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Caragh Thuring

Until 1st February 2015 the Chisenhale Gallery in London presents a new body of paint by Caragh Thuring in her first solo exhibition.

Caragh Thuring

Through her paintings, Caragh Thuring examines the speed at which images are consumed, asking exactly how much information is required to satisfy intention and how slowly the process of looking can unfold. With this new body of work Thuring explores pertinent questions surrounding contemporary image making such as the value of time and how this contributes to generation of meaning. Several paintings are derived from large picture windows in Dutch suburban homes, where idiosyncratic displays of vases, plants and knick-knacks are often arranged in pairs. Thuring perceives the windows as self-portraits of their owners.



Credit: all images by Chisenhale Gallery, 2014. Courtesy the artist and Thomas Dane Gallery. Photos: Andy Keate.


Considering the dual function of the windows as devices for observing and for being observed, in these works the objects become substitutes for traditional portraiture. The images are interrupted by reflection, surface and a constant reversal of interior and exterior space, disrupting straightforward readings of psychological perspective, as marked by the boundary of the window frame.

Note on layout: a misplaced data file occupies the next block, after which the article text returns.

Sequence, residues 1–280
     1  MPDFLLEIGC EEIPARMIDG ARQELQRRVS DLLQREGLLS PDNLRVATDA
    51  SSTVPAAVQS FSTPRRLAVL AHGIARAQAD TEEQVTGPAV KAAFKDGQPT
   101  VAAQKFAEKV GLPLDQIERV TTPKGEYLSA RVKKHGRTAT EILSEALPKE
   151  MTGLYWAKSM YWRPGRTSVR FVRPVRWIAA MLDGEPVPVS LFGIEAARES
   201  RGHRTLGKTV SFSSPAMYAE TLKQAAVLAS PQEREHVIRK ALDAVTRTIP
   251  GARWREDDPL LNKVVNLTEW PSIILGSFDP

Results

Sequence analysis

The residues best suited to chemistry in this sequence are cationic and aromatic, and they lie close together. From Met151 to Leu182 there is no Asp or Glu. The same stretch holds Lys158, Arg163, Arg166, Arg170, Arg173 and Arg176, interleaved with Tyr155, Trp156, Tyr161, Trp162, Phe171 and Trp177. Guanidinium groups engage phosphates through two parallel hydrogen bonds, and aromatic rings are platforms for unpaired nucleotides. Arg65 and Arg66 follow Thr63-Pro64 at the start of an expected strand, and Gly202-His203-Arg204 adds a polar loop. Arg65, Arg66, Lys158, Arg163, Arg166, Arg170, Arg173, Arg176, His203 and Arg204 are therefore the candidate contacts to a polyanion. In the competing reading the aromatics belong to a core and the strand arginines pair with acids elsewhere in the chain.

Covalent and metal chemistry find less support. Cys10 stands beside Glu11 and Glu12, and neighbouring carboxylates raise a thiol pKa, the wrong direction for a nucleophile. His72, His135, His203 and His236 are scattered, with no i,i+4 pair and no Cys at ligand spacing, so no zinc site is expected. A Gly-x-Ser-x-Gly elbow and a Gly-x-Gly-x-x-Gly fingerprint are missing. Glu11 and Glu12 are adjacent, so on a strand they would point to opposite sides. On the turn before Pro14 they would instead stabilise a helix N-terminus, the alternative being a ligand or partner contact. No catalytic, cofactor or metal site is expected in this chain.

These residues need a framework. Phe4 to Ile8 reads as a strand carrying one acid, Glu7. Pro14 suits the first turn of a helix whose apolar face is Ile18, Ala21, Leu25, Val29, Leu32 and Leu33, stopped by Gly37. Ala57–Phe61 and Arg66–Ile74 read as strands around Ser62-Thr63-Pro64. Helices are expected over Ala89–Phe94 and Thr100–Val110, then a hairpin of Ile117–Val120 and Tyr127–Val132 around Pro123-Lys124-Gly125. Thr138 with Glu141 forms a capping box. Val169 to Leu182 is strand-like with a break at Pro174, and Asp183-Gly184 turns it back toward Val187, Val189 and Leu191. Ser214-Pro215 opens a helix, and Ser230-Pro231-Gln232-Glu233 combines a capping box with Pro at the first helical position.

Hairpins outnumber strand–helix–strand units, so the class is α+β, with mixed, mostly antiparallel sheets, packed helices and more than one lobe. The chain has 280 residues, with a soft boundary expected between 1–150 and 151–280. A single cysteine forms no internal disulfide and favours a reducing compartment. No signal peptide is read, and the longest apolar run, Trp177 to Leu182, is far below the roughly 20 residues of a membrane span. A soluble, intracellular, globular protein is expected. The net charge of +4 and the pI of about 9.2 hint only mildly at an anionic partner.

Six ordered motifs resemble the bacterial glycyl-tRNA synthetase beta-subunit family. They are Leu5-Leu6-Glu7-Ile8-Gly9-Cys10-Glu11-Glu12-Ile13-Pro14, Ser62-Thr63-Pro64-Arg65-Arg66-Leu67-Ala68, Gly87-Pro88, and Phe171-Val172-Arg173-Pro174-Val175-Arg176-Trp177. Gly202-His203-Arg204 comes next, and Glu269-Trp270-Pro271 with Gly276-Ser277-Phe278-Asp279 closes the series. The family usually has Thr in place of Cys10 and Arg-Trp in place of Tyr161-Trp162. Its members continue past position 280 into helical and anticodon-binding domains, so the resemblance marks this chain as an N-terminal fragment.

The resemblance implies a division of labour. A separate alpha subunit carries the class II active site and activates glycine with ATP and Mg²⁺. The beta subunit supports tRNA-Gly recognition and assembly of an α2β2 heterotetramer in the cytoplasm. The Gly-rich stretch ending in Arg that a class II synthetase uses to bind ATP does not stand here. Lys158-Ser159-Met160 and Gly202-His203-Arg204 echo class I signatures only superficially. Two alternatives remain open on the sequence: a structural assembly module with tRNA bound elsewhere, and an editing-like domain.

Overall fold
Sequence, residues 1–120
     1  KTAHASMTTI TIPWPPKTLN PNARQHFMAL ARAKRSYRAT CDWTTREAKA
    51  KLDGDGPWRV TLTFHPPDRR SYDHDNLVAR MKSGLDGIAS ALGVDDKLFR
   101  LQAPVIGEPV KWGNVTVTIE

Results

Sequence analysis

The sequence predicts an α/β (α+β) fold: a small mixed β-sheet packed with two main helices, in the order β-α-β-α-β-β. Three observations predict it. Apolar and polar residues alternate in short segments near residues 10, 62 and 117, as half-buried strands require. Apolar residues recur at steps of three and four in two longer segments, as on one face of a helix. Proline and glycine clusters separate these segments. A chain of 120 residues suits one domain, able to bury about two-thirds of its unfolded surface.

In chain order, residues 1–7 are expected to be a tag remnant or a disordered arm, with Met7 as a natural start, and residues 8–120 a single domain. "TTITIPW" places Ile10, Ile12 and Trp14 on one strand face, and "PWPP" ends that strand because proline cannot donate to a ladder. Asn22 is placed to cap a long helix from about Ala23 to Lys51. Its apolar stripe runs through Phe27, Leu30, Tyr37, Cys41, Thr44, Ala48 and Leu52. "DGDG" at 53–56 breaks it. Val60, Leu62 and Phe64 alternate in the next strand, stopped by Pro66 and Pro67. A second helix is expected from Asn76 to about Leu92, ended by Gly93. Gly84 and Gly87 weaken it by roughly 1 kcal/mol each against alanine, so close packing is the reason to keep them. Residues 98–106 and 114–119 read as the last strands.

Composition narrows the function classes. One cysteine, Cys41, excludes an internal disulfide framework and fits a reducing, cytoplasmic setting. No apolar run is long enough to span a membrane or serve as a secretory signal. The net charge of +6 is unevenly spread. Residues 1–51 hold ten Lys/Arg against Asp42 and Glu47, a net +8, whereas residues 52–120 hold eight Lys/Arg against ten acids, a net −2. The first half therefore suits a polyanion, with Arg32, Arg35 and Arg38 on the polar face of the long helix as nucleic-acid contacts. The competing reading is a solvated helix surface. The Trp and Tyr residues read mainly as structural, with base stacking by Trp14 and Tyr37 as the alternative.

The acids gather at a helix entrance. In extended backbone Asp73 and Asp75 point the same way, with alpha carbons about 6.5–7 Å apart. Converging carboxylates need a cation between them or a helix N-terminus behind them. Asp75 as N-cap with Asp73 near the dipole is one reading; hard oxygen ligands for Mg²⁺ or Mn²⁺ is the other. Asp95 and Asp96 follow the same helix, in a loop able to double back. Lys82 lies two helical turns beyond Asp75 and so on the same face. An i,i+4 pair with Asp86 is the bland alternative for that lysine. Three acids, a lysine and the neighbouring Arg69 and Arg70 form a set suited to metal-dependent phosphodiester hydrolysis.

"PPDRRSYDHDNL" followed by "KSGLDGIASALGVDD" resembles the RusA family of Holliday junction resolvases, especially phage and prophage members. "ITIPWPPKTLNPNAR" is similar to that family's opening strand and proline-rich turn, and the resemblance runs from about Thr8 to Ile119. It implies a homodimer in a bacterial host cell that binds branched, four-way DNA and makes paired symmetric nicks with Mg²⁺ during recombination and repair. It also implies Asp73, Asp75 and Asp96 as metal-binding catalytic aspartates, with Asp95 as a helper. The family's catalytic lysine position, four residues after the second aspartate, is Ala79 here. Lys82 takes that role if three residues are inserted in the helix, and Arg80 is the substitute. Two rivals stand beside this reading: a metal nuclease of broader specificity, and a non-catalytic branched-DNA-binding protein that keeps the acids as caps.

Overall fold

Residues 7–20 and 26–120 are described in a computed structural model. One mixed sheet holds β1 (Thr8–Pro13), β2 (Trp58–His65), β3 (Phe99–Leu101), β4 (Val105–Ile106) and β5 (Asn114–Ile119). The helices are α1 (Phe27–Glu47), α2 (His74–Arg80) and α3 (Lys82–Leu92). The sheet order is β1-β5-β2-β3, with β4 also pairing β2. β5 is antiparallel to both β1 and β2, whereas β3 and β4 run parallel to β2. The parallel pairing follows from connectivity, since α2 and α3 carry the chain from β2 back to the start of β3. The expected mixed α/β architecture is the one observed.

Photo: Richard Ivey


Further works emphasize the canvas as a territory to be mapped. Two paintings, shown back to back, list all the churches within the Square Mile of the City of London. Each name is sprayed with industrial line marking paint and packed densely within the fixed limits of the canvas. The words sit solid and immovable as the churches: timeless and untouchable buildings, which appear as unintentionally rebellious spaces, standing defiant amongst the constant flux of London’s overdeveloped financial center.




Absent of hierarchy in subject matter or use of materials, Thuring’s paintings are loosely constructed exploring recurring motifs, including pyramids, brick work, volcanoes and the human silhouette. These speculative environments are rendered with economy of means and leave large tracts of empty linen. For Thuring, the process of making work can be likened to editing film. Her paintings unfold in time: images stall and stutter, giving way to silence and space for thinking and looking.


In January the artist exhibits at two events in Chisenhale Gallery:


A tour of the exhibition led by Clarrie Wallis, Curator of Modern and Contemporary British Art, Tate at Saturday 24 January, 2pm and a performance by Jamie Bradley of a text assembled by Thuring on Thursday 29 January, 7pm.



Chisenhale Gallery
64 Chisenhale Road

London, E3 5QZ

+44 (0)20 8981 4518



- By Gabriele Epple

25 / 12 / 2014 // by LigaStudios Team

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